from BARDO

The stars are in our belly; the Milky Way our umbilicus.

Is it a consolation that the stuff of which we’re made

is star-stuff too?

– That wherever you go you can never fully disappear –

dispersal only: carbon, hydrogen, nitrogen, oxygen.

Tree, rain, coal, glow-worm, horse, gnat, rock.

Roselle Angwin

Thursday, 24 March 2011

green things, merrivale again, & calling everywhere home

Skirmishes around the birdfeeders: the usually-timid dunnocks are fluffed-up and flapping with territory and testosterone, in mating-and-no-nonsense mood. Beak-wrestling between a normally peace-loving bluetit and a thuggish balaclavaed great tit across the peanuts; the bluetit of course gives in, then (again unusually for these gregarious and friendly little birds) sees off a willow warbler. The magpies and a squirrel jostle for the seed feeder; I yell at both. Have already replaced 3 seed feeders this year due to the depredations of both; finally managed to track down a metal one. Squirrel hasn't given up but whips its tail and disappears into the brassica with an exaggerated flourish when I appear, and sits and simmers, watching me.
Green soup: watercress, wild garlic, a couple of our leeks from the garden and a handful of green lentils. That and home-made bread, outside in thin sun and a tricksy easterly wind.
And talking of green things: I'm not sure how it happened, exactly, but The Man and I are both standing for the Greens at the local (rural) district council elections. This was on the assurance initially that we would simply be a name for people of a green persuasion to put a cross by on the ballot, with little chance of being elected, and no work or canvassing involved. (My position, because of the ward I'm standing for, is a little less clear, and I stand a slim chance of being elected.) Although we're both committed to Things Green, we're neither of us Party people, really, and local or party politics have not engaged us so much as current affairs and wider political issues (although I'm also well aware of the importance of 'acting locally').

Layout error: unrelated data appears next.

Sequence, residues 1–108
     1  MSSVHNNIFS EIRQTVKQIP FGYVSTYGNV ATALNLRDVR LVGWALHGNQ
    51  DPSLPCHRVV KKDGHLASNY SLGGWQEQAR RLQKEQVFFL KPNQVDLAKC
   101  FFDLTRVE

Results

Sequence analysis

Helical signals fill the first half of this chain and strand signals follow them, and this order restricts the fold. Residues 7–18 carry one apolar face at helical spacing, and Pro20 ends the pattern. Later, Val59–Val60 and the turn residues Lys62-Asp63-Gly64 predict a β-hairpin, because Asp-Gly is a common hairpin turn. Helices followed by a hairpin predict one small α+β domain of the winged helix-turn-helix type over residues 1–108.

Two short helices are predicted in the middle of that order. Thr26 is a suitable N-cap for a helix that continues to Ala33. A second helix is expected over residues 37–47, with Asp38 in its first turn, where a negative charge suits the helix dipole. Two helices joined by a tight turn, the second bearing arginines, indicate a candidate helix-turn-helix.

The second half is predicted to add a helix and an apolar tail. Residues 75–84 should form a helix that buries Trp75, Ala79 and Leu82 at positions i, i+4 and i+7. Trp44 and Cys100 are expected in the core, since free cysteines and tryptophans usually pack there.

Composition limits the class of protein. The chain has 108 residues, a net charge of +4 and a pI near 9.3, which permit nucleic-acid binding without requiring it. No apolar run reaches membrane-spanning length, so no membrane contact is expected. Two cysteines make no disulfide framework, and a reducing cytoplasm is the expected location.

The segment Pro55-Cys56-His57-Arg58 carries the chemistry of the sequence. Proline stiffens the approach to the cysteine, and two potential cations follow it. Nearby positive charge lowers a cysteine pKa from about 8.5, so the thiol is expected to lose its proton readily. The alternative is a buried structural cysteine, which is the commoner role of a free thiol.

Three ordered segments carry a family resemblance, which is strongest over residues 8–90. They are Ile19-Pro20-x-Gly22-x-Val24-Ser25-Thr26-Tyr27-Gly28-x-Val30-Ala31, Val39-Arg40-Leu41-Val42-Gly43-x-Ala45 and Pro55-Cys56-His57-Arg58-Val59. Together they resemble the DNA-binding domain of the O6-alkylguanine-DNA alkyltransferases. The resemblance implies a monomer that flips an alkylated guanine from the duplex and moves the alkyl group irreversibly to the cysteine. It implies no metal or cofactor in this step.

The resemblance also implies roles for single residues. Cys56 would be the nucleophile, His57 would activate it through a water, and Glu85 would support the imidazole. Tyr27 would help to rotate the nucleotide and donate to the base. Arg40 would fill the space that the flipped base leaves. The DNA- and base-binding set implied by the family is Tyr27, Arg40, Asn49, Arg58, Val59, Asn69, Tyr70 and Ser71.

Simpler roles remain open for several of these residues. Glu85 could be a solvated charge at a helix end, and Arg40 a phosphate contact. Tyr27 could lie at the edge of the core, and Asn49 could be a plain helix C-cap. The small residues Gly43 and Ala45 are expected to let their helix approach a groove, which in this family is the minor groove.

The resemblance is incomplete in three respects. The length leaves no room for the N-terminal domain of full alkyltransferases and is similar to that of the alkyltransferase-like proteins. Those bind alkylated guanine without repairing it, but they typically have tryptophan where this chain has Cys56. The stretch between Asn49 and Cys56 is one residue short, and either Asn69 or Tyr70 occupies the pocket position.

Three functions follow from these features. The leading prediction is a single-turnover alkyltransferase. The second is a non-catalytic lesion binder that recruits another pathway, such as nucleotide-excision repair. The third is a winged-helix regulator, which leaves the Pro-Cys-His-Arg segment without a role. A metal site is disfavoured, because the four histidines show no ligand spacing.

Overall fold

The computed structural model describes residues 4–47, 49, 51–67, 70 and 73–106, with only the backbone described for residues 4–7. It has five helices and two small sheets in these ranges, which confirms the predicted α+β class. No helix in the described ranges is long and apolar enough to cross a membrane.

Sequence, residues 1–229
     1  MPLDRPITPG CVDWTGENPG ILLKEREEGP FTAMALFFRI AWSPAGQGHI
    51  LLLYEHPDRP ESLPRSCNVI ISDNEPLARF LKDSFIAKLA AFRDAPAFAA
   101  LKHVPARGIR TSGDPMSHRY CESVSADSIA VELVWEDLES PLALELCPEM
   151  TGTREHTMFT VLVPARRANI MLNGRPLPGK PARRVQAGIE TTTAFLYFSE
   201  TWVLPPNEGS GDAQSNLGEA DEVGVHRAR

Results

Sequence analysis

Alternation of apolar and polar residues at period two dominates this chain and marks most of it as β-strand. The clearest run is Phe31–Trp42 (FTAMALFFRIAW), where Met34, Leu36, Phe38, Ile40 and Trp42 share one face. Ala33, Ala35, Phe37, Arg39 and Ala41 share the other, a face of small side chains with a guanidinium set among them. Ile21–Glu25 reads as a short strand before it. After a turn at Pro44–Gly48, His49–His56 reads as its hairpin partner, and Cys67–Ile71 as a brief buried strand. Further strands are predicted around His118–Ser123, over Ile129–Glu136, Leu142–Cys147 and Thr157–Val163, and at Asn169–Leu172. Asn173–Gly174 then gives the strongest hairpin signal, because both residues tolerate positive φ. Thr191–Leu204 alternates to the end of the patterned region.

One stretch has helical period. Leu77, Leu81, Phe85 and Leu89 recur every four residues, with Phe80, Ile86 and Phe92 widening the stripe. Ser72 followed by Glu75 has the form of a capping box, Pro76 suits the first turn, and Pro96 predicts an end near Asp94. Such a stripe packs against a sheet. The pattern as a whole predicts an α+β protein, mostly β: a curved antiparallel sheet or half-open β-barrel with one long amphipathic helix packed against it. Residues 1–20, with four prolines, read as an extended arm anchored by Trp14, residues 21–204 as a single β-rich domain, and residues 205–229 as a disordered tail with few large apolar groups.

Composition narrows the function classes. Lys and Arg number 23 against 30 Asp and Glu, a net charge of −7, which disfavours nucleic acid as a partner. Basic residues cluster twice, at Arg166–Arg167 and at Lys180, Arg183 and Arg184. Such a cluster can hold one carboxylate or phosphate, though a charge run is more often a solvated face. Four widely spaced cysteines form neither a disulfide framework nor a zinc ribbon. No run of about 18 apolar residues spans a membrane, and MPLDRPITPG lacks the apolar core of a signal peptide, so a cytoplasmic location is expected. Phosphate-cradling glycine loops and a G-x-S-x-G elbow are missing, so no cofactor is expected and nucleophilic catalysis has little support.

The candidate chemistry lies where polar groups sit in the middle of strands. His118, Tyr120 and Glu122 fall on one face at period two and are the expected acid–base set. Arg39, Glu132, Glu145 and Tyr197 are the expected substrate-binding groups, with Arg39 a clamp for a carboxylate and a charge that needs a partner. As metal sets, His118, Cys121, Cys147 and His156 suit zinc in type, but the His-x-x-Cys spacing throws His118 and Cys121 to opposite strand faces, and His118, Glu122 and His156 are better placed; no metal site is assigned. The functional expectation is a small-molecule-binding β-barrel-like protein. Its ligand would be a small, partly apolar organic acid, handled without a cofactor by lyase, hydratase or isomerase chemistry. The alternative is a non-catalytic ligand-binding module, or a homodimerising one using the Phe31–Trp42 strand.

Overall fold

My father, Celtic anarchist that he is (Celts – sweeping generalisation – rate the clan, pull together when necessary, but on the whole prefer to walk their own path), was a little disgusted, in a polite sort of way (that's new!), when I mentioned it. He thinks of local councillors as do-gooders and busy-bodies, and hadn't seen me as a Pillar of the Local Community (neither had I). 'I count on you to carry on being an iconoclast, girl', he said once, not long ago. But there it is. And I suppose in politics the Green position is almost iconoclastic. And more importantly I guess it's about walking one's talk in the wider world as well as at home.
   What The Man doesn't yet know, but I do since this morning, is that we each need to collect ten nominees in the area for which we're standing. Luckily for me, since I'm still not well and am due away in a few days, our Green parliamentary candidate is going to collect mine. The Man, who is both private and introverted, will not take kindly to knocking on doors. But maybe the attractive and persuasive L will convince him; he respects her. Glad she's telling him, though, not me.
My Ground of Being workshop at Merrivale last Sunday is still humming in my bloodstream. As an excuse to not do what I ought to be doing (preparing the retreat programme for when I go away), I'm going to type in some little atoms of poems from the day (I don't normally manage to write much myself when facilitating a workshop).

atoms of song spell skylark
inside me a note starts to rise
high enough to join it

when your song stops, lark
the note will keep coming
out of my pen
                        (after Basho)

these stone sentences remind me
where I've come from
give me an alphabet
to shape time

the texture of things –
inside and outside

not a day to be tamed –
away on the hill a dog
speaks for all wolves

sun on my back
feet on the good earth –
calling everywhere home

Roselle Angwin

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